There is a lawsuit, Al-Tammimi v. Adelson, that is making its way through the federal courts. The lawsuit was brought by a group of Palestinians and Palestinian/Americans asking for damages of 34.5 billion dollars resulting from Israeli settlements in the West Bank including East Jerusalem and the Gaza Strip. The Palestinians claim that the defendants, pro-Israel donors and organizations, banks, contractors working for Israel and deputy National Security Advisor Abrams conspired to expel Non Jews from their land and otherwise harm them. Defendants include Americans Sheldon Adelson, Lawrence Ellison, Haim Saban, Irving Moskowitz, John Hagee and Israeli Lev Leviev. The appeals court decision is here
The suit was first brought in a US Federal district court (the “trial court”) alleging that the defendants “funneled millions of dollars through the defendant tax-exempt entities and banks to Israeli villages called “settlements.” Armed with this financial assistance, the settlement leaders hired full-time security coordinators who trained a militia of Israeli settlers to kill Palestinians and confiscate their property. The defendant construction and support firms destroyed property belonging to the Palestinians and built settlements in its place” and deputy national security advisor of the United States publicly endorsed the settlements.
The plaintiffs pressed four claims: “(1) civil conspiracy, (2) genocide and other war crimes, (3) aiding and abetting genocide and other war crimes and (4) trespass.”
The trial court dismissed the suit, relying on the doctrine that it is inappropriate for a court to determine matters that are inherently political and more properly decided by Congress and/or the President. The trial court found that the case required it to “adjudicate and resolve the lawfulness of the development of Israeli settlements…” Such a ruling, the trial court said, was “simply inappropriate for this court to resolve. Instead, these issues must be decided by the political branches.”
According to Haaretz, Israeli legal organization, Shurat Hadin, that claims to represent victims of terror, praised the trial court decision, and incorrectly stated that “cases such as this are brought solely to furnish a foundation of legal legitimacy for the BDS movement, and undermine the legitimacy of Israel.” And then, perhaps for vengeance, added the hope that “the judge will see clear to impose the large costs of these proceedings on the plaintiffs.” Imposition of costs is routine in some countries but unusual in the US.
On February 19, 2019 a panel of the Washington, DC Federal Circuit Court of Appeals (the “appeals court”) unanimously reversed the trial court and ruled that a trial court could find the defendants liable without deciding who owns the land. Although the appeals court did not decide liability, it sent the case back to the trial court for trial.
The appeals court agreed with the trial court that the issue of sovereignty over the land is political, but found that the case could be dismissed only if none of its claims could be resolved without deciding the political issue. In other words, they ruled that the Plaintiff’s claims can be separated from the issue of sovereignty over the land.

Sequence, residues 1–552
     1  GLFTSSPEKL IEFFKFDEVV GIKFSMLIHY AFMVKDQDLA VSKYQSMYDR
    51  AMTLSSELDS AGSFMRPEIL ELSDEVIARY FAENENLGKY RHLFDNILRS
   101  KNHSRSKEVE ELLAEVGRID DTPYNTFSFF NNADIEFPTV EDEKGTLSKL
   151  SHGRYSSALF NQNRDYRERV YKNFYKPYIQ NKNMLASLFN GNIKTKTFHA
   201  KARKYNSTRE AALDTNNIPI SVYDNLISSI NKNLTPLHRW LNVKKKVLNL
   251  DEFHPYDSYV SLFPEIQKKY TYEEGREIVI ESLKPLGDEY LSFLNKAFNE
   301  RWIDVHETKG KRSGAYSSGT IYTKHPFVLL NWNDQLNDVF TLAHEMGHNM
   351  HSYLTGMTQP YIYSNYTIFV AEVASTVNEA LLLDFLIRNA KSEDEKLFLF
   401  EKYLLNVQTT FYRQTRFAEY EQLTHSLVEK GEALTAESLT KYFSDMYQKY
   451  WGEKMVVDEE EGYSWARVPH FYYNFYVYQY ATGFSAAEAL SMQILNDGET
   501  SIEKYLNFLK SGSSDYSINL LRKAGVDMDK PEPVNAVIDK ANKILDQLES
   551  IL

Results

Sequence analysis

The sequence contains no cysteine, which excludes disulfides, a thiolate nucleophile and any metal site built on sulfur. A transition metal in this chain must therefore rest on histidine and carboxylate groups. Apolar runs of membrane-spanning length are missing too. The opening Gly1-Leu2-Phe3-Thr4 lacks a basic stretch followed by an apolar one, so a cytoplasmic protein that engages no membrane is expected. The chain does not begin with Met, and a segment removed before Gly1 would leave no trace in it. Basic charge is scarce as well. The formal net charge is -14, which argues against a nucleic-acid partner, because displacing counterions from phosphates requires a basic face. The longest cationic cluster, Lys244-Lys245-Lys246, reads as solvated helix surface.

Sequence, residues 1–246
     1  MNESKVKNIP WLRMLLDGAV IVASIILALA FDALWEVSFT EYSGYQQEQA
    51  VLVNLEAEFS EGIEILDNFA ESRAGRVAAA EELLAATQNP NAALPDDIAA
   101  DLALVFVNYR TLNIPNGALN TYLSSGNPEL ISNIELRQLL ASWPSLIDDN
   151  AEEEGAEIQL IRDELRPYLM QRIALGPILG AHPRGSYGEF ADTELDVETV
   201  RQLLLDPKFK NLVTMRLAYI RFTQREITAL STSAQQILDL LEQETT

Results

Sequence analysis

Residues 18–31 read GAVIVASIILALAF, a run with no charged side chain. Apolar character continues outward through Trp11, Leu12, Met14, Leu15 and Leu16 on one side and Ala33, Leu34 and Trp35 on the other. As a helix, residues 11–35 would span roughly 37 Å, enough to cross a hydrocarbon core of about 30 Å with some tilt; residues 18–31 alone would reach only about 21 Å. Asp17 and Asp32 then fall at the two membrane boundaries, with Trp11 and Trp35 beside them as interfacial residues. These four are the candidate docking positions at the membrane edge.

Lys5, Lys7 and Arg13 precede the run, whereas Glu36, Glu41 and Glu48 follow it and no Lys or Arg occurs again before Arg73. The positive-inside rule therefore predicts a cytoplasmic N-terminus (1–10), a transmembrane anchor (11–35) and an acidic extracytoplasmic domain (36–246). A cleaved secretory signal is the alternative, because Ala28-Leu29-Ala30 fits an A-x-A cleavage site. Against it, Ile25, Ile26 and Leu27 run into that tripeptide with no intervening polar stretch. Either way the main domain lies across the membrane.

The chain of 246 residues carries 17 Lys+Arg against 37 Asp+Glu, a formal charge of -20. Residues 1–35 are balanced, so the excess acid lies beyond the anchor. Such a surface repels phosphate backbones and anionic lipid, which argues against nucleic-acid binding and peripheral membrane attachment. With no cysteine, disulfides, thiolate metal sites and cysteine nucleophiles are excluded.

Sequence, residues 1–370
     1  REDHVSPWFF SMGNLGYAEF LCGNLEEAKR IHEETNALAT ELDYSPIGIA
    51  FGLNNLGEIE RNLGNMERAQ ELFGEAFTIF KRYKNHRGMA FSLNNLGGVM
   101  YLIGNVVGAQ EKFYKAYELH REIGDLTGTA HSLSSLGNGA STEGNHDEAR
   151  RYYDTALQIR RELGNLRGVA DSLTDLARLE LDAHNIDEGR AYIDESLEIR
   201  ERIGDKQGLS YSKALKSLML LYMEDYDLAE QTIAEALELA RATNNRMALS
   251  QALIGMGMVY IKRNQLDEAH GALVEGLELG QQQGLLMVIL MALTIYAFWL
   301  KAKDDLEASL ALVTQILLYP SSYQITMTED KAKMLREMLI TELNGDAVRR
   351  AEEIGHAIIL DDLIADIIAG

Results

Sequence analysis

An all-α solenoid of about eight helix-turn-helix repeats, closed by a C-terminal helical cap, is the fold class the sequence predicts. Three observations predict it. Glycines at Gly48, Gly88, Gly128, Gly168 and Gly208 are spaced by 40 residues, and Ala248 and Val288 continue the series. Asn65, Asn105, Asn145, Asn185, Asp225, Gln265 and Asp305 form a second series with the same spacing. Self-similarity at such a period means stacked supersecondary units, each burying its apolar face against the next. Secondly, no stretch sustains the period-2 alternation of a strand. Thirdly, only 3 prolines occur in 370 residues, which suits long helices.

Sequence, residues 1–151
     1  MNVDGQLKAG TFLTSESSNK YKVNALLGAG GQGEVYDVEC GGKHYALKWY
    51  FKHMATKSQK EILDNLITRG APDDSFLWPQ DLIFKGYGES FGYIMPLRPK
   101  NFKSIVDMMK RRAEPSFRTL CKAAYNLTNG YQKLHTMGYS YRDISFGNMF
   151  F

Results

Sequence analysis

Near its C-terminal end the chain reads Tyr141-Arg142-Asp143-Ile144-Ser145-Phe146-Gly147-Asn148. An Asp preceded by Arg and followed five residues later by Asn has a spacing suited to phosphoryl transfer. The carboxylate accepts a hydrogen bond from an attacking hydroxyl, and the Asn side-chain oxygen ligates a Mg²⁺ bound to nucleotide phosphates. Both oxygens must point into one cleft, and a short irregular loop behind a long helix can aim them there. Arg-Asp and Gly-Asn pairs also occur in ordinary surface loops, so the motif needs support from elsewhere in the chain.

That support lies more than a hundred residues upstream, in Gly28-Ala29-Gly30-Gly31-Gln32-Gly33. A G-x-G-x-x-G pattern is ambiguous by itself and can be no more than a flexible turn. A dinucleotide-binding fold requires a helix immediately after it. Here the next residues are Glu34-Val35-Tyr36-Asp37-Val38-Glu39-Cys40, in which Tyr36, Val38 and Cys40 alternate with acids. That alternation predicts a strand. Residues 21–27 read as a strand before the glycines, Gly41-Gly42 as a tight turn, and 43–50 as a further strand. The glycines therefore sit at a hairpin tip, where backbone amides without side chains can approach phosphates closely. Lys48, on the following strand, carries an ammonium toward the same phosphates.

The lawsuit was brought primarily under a federal law entitled, the Alien Tort Statute (“ATS”). The ATS provides, in part, that federal courts can hear a civil action by a nonresident non- US citizen for a wrong “that is committed in violation of the law of nations.” The appeals court noted that “it is well settled that genocide violates the law of nations.” The court found that there is a definition of genocide within international law, that is: “[k]illing members of [a national, ethnic, racial or religious group] with intent to destroy [the group], in whole or in part.”
“Thus, the ATS—by incorporating the law of nations ...—provides a judicially manageable standard to determine whether Israeli settlers are committing genocide.” In so stating, the appeals court is telling the trial court that this is the proper standard for its decision, and that this is not a “political” issue. (by political, they mean in the narrow sense of sovereignty involved in this case).
This decision can be appealed to a larger panel of the appeals court or to the Supreme Court, absent a successful appeal by the defendants, the Palestinians will be able to proceed. The district court has not yet reheard the case.
It seems to me like a big deal that three federal appeals judges ruled unanimously that the plaintiffs may proceed to argue that Israeli settlers and their benefactors have committed or aided in genocide.
However, the mainstream media has declined to cover this crucial case. A search of The New York Times and the Wall Street Journal yielded no results. The case was covered by a few smaller outlets and by Bloomberg, Reuters (which included a summary that was at least partially correct) and by the Jerusalem Post (that complained the Palestinian plaintiffs failed to present the Israeli narrative). The Electronic Intifada covered the initial filing but does not seem to have followed the case. And Haaretz and the Times of Israel wrote about the dismissal by the district court but not that it was overturned on appeal. This strikes me as scant coverage of an important case.
Finally, a part of the United States government is treating Palestinians as people who have at least potential rights even against billionaires, and most of our media has not bothered to tell us the story.